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EDITORIAL: 18/9/2008 - Movies & morals after Sunday mass

From the Editor, Andrew L. Urban:
Movies often explore moral, psychological and social issues of various kinds, but we were surprised this week to get a request from the Assumption Catholic Church in Chicago to let their webmaster link to some of our movie reviews. Happy to consent but curious as to how a church would use movie reviews, we soon discovered that it is about to launch a series of seven Mass & A Movie events, one Sunday a month from October 2008 to April 2009.

“Watch a thought-provoking film that offers an insight into a contemporary moral, psychological, or social issue of particular relevance to people of faith. Then take part in a 30 minute guided discussion about the film,” says the website, and lists the movies, with four of the seven linking to our reviews.

The movies and the themes of the discussion are listed; for example –
Blood Diamond,
“The film invites discussion on the continuing exploitation of Africa’s resources by our consumer society.”

Notes on a Scandal,
“The discussion will focus on the traits of a healthy relationship and on our human capacity for self-deception and manipulation.”

“The discussion will centre on the healing of memories and the importance of family.”

Away From Her
“The discussion will focus on the effects of Alzheimer’s on families and how the aged are treated in our culture.”

The complexity of the human condition makes for fascinating study on screen;
Films like Oscar winning The Counterfeiters, for example, in which the tough moral dilemma facing the central characters becomes part of the film’s extraordinary power to engage. What would you or I do?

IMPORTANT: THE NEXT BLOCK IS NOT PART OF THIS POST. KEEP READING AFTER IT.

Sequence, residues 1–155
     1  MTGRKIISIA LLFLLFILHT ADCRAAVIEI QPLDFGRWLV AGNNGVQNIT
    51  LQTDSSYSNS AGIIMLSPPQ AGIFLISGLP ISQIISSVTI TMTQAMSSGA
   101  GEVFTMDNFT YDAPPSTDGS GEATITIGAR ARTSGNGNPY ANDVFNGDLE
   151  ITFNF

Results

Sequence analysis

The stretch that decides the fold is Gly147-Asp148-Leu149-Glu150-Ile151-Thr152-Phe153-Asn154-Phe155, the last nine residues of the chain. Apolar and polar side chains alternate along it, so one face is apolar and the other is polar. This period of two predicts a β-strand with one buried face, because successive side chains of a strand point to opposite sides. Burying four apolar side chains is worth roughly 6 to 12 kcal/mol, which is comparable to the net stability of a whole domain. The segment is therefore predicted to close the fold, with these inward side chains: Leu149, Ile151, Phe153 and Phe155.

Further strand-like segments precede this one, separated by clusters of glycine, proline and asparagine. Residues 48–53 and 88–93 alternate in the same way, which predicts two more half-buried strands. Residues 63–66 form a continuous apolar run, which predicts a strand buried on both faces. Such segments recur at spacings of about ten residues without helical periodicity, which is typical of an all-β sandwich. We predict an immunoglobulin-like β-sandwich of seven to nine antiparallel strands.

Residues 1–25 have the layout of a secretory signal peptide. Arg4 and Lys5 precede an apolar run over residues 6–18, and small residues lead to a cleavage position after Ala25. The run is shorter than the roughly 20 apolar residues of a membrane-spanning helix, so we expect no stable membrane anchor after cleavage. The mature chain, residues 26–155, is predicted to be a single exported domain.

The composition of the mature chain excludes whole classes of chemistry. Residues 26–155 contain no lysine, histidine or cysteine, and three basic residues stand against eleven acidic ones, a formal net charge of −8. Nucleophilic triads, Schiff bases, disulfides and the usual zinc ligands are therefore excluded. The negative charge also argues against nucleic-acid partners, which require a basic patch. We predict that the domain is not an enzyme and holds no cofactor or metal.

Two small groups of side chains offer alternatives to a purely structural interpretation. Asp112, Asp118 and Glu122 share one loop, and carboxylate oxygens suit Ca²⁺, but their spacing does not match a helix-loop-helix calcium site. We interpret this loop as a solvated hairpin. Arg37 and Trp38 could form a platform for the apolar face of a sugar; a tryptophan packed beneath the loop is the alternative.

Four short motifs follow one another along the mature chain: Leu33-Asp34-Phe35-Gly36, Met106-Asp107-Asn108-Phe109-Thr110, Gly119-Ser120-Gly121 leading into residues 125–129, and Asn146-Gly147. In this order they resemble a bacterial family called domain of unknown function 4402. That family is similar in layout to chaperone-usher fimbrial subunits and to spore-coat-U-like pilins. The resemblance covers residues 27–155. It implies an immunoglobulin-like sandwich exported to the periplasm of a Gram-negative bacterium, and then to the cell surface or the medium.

Or the extraordinary and confronting In The Company of Men, from Neil LaBute. What would you or I do if aware of something like this happening at our workplace?

Some movies are indeed ‘just a movie’ but some can be life or attitude changing; I’ll never forget the story of an apartheid era security officer talking about the impact that Alan Parker’s movie, Mississippi Burning had on him. That film is based on the tragic events in which three civil rights workers were murdered in 1964 by Ku Klux Klan members. He said after seeing that film he realised his responsibility was to work for justice. In the context of apartheid, that’s a giant moral leap for one man, and an example of how movies can make a difference.


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Andrew L. Urban

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Notes on a Scandal

Blood Diamond


Away From Her

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